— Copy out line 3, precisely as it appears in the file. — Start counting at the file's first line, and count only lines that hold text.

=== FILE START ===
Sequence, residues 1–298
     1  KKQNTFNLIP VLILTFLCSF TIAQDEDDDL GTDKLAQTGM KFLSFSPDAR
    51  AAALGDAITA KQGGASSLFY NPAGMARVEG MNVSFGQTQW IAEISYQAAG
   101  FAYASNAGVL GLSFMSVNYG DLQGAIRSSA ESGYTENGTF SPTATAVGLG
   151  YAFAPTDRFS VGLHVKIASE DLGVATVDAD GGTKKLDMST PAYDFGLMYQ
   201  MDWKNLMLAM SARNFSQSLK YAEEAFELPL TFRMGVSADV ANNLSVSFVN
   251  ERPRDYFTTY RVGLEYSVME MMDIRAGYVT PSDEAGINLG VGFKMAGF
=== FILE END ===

    51  AAALGDAITA KQGGASSLFY NPAGMARVEG MNVSFGQTQW IAEISYQAAG